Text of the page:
Just For Today | June 3 | Direct and Indirect Amends

The Importance of Direct Amends

The Ninth Step of our recovery journey emphasizes the necessity of making direct amends wherever possible. The phrase, “We make our amends to the best of our ability,” as mentioned in the Basic Text, underscores our commitment to taking responsibility for our actions. Direct amends involve not just an apology but taking concrete steps to rectify the harm we’ve caused.

For instance, if we’ve broken someone’s window in a fit of anger, a heartfelt apology alone won’t suffice. We need to acknowledge our wrongdoing and take action to repair the damage, such as replacing the broken window. This tangible act of restitution demonstrates our sincerity and willingness to make things right.

Steps to Make Direct Amends:

  1. Acknowledge the Harm: Admit to the person affected that you have caused harm.
  2. Take Responsibility: Accept full responsibility for your actions without making excuses.
  3. Offer Restitution: Provide a practical solution to remedy the harm, such as fixing what was broken.
  4. Seek Forgiveness: Ask for forgiveness, understanding that it might take time for the person to grant it.
  5. Commit to Change: Show through your actions that you are committed to not repeating the harmful behavior.

By making direct amends, we address the immediate harm and lay the foundation for rebuilding trust and repairing relationships.

The Power of Indirect Amends

While direct amends are crucial, they are not always enough. Indirect amends involve deeper introspection and behavioral changes to prevent future harm. As the reading suggests, if we’ve broken a window out of anger, we need to examine the underlying attitudes and behaviors that led to that outburst.

This process requires a commitment to “mend our ways.” It’s about more than just fixing the window; it’s about addressing and altering the anger and impulsiveness that caused the damage in the first place. This ensures that we do not repeat the same mistakes and cause further harm.

Ways to Make Indirect Amends:

  1. Self-Reflection: Identify the patterns and triggers that lead to harmful behavior.
  2. Behavioral Changes: Develop strategies to manage emotions and reactions, such as anger management techniques.
  3. Attitude Adjustment: Work on changing negative attitudes and adopting a more positive and compassionate outlook.
  4. Ongoing Effort: Continuously monitor your behavior and make adjustments as needed to avoid falling back into old patterns.
  5. Seek Support: Engage with support groups, therapy, or mentors to help maintain these changes.

Indirect amends are about transforming our inner selves to ensure our outward actions reflect our commitment to growth and change.

Integrating Direct and Indirect Amends

True recovery and healing come from integrating both direct and indirect amends. It’s a dual approach that addresses the immediate consequences of our actions and the root causes behind them. This holistic method ensures that we not only make things right but also evolve as individuals, reducing the likelihood of repeating past mistakes.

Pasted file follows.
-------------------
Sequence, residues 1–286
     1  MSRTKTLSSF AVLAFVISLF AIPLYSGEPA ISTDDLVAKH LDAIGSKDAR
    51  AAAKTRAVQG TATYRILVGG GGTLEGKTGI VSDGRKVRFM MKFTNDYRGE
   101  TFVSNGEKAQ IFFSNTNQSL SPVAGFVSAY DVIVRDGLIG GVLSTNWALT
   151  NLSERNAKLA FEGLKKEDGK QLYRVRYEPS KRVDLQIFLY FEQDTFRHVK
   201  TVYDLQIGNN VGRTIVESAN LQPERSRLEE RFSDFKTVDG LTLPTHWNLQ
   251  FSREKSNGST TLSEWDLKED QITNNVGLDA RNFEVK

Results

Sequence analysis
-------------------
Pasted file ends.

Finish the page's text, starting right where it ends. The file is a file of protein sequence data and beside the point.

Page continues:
For example, in the case of the broken window, direct amends would be fixing the window and apologizing. Indirect amends would involve anger management classes, developing healthier ways to deal with frustration, and making a daily effort to practice patience and kindness.

Benefits of Integrating Both Approaches:

  • Holistic Healing: Addresses both the symptoms and the root causes of harmful behavior.
  • Building Trust: Shows others that we are committed to genuine, long-term change.
  • Personal Growth: Encourages continuous self-improvement and emotional maturity.
  • Preventing Relapse: Reduces the likelihood of falling back into old, destructive habits.

By combining direct and indirect amends, we create a comprehensive strategy for personal and relational healing.

Commitment to Continuous Improvement

Making amends is not a one-time event but a lifelong commitment to improvement. Each day presents new opportunities to practice what we’ve learned and to demonstrate our commitment to change. By staying vigilant and proactive in our efforts, we ensure that our past does not dictate our future.

Daily Practices for Continuous Improvement:

  • Mindfulness: Practice mindfulness to stay aware of your thoughts and actions.
  • Gratitude: Maintain a gratitude journal to focus on positive aspects of life and relationships.
  • Self-Assessment: Regularly assess your progress and identify areas for further improvement.
  • Healthy Habits: Develop and maintain healthy habits that support your emotional and physical well-being.
  • Service to Others: Engage in acts of service and kindness, contributing positively to your community.

Just for today, commit to making both direct and indirect amends. By doing so, we not only repair the damage we’ve done but also transform ourselves, fostering a healthier and more positive way of living.


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